Lakatos lets loose

If your idea of chamber music is a tidy ensemble playing pleasant airs, you’d be well advised to go for a change of mindset.

roby lakatos 311 (photo credit: Courtesy)
roby lakatos 311
(photo credit: Courtesy)
If your idea of chamber music is something along the lines of a tidy ensemble playing pleasant airs that conjure up sublimely pastoral vibes, you’d be well advised to go for a change of mindset if you’re planning to attend the Roby Lakatos Ensemble concert at the Eilat Chamber Music Festival a week from Wednesday (9 p.m.). While the overall ambience of the festival is of a suitable ilk, lilt and energy level, violinist Lakatos and his merry bunch of Hungarian Gypsies are more likely to blow their audience away than lull them into a state of tranquility.
44-year-old Lakatos has been wowing them into the aisles across the globe for over two decades with his unique firebrand approach to his instrument and a wide body of work, ranging from classical pieces to Gypsy numbers designed to get toes tapping and hips swinging. While the music is the most important element in his offering, Lakatos makes no apologies for keeping the visual aspect front and center. “I love to play for the people,” he says. “For me it is important that people enjoy themselves at my concerts. I prefer to see them dance and have a fun atmosphere. For me playing live is more interesting than doing studio work.”
Still, the man has paid his dues. Born into a legendary family of Romani violinists descended from late 18th-century musician János Bihari, the so-called “King of Gypsy violinists,” Lakatos was introduced to music as a child and made his public debut as first violin in a Romani band at the age of nine. He gained a good grounding in the classical sphere, too, attending the prestigious Béla Bartók Conservatory of Budapest, where he won the first prize for classical violin in 1984.
Since then he has branched out into so many areas of music that it is hard to place him in any definable category. His discography, for example, includes a selection of works by Prokofiev, a klezmer outing with the Franz Liszt Chamber Orchestra, a jazz album with trumpeter Randy Brecker and even a synergy with Yiddish singer Myriam Fuks.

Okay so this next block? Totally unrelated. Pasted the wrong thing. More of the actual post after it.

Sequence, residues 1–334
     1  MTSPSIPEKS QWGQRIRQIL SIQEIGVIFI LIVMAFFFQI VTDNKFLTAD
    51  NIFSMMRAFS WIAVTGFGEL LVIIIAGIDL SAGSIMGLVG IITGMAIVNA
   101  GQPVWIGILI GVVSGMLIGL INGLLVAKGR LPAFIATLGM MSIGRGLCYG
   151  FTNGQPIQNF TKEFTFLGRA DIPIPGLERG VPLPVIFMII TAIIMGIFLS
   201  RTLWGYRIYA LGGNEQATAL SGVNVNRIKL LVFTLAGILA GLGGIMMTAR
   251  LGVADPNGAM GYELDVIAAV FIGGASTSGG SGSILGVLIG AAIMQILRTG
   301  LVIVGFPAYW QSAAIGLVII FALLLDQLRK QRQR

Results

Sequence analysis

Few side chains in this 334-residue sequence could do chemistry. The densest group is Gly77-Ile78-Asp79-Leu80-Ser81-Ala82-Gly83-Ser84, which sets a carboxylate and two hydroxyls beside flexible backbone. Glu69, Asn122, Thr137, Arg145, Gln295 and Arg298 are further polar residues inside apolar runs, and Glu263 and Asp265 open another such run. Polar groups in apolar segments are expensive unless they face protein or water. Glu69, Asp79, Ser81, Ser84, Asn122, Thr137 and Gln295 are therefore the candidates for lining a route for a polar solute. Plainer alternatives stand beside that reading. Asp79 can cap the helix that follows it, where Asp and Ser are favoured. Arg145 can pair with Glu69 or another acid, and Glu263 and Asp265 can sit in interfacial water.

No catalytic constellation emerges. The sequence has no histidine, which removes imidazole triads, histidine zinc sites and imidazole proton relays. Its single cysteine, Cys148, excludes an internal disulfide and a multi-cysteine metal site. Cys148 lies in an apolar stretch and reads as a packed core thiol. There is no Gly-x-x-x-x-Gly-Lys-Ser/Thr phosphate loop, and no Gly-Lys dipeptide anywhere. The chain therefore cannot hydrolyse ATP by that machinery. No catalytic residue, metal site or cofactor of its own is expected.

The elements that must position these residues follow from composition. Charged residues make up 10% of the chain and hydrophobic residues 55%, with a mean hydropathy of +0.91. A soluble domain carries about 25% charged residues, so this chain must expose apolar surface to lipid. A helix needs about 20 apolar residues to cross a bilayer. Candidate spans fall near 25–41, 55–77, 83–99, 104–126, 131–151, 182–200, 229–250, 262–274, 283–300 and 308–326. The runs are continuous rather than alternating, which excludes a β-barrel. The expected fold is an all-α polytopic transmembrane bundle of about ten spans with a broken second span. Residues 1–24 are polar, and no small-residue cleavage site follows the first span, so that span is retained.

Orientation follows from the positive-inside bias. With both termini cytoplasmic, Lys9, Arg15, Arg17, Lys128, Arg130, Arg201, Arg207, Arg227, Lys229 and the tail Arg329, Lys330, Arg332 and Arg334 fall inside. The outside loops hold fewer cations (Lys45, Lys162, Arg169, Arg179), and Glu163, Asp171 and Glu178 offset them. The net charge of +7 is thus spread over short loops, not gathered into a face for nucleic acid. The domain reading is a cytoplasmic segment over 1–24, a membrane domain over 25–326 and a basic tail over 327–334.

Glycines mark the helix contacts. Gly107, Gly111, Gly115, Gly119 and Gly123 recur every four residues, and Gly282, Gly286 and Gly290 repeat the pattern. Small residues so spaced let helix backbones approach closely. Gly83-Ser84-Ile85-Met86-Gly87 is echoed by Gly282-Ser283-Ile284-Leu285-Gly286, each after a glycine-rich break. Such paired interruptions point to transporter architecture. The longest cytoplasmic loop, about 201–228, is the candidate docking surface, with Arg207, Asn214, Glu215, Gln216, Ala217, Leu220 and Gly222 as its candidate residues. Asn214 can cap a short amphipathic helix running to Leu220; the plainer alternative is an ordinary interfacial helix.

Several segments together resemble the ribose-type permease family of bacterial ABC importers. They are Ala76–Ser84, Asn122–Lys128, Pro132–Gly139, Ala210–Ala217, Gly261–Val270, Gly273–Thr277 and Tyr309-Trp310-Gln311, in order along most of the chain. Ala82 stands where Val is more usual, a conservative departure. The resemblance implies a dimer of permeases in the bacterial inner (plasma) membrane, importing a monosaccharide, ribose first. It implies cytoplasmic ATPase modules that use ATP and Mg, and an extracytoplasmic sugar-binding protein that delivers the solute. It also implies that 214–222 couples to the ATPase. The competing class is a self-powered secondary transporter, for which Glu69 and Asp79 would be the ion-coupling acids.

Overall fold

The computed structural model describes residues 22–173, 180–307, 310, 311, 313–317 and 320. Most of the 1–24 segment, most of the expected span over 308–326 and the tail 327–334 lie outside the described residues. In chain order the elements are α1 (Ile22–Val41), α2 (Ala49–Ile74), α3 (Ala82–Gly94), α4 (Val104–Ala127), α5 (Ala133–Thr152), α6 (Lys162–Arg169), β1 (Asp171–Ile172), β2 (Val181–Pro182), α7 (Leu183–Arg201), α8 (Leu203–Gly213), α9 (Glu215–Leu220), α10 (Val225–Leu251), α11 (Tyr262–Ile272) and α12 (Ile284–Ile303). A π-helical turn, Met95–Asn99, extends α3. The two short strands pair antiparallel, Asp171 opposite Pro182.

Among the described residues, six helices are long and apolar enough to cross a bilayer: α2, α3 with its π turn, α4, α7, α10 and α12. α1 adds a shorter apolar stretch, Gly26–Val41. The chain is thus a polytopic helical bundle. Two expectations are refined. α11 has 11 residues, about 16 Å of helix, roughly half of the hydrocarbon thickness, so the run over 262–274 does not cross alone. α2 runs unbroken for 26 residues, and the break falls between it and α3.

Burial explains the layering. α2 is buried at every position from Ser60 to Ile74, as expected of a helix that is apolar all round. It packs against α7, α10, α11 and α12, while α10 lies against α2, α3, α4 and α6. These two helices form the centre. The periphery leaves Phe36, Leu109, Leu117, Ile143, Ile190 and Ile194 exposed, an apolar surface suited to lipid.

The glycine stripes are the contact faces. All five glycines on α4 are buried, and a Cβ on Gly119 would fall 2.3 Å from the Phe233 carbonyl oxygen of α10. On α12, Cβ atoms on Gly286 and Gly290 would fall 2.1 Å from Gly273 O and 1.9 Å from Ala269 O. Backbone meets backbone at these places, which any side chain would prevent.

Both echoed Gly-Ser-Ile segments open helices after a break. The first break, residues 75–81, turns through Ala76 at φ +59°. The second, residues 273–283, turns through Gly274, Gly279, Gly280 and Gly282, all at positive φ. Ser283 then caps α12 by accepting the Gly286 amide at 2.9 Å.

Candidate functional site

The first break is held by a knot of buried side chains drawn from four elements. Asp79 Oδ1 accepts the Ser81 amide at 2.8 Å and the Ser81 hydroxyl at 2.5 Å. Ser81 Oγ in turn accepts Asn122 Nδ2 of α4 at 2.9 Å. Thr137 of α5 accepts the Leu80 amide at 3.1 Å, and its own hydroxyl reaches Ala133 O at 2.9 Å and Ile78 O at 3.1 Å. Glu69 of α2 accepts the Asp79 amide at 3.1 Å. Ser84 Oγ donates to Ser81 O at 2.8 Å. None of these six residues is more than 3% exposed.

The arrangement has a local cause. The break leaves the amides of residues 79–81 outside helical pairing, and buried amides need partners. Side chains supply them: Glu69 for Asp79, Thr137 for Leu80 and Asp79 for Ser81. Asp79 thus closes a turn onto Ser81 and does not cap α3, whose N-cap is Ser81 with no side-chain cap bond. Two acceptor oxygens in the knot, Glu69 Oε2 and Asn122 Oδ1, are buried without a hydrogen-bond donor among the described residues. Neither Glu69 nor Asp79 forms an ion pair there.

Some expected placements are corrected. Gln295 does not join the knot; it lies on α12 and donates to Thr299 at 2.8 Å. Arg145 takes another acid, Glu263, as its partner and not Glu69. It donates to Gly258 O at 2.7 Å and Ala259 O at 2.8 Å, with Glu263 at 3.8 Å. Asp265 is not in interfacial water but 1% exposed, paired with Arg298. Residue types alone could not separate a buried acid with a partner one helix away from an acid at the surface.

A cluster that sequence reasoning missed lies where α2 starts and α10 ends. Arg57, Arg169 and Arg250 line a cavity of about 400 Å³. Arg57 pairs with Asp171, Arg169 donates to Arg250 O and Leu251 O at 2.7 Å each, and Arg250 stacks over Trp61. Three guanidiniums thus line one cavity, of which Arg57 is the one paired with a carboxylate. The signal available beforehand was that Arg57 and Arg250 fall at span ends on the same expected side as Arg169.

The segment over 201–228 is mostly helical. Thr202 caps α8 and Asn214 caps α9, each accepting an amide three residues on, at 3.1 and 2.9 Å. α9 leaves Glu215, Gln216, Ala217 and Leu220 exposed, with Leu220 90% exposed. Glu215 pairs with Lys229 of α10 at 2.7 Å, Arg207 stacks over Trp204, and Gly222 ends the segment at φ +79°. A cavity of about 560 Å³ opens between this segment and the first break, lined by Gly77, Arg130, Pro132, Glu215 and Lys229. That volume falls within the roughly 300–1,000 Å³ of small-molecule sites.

So how does Lakatos manage to keep his nimble fingers in so many musical pies? “I have lived in Belgium for 25 years, since I was 18,” he says. “I have been exposed to lots of different kinds of music in that. But basically there are three elements in our music – Gypsy, classical and jazz. I have been playing all three since I was very young, so it’s natural for me by now.”
Lakatos stretched his oeuvre to the farthest eastern edges of the globe when he teamed up with Japanese shamisen – string instrument – player Shinichi Kinoshita. Even for a player of such flexible musical proportions as Lakatos, that was something of a challenge. “Japanese music is totally different from the music I was brought up with,” he declares. “The problem was that Shinichi’s instrument is limited in tonality, and for me harmony and chords are important, so I had to adapt and change my harmonic approach. It was a challenge but I think it worked well.”
Lakatos says he is looking forward to his first visit here. “I am happyto come to Israel. Lots of people have told me they are the bestaudiences, and I really want to get them involved in my music. We mayplay some klezmer in Eilat, and I have also done some Oriental thingsin the past, so maybe I’ll put some of those elements in too.”
Even so, with a program entitled A Gypsy Feast, one presumes that most of the Lakatos Ensemble’s Eilat offering will come from closer to home.
Elsewhere in the 10-day program (February 18-27), there is an abundanceof classical and ethnic-oriented music on offer, as well as workshopsand master classes, and some stellar slots courtesy of octogenarianactor Roger Moore and author Amos Oz, who will read excerpts from hisbook Scenes from a Village Life.
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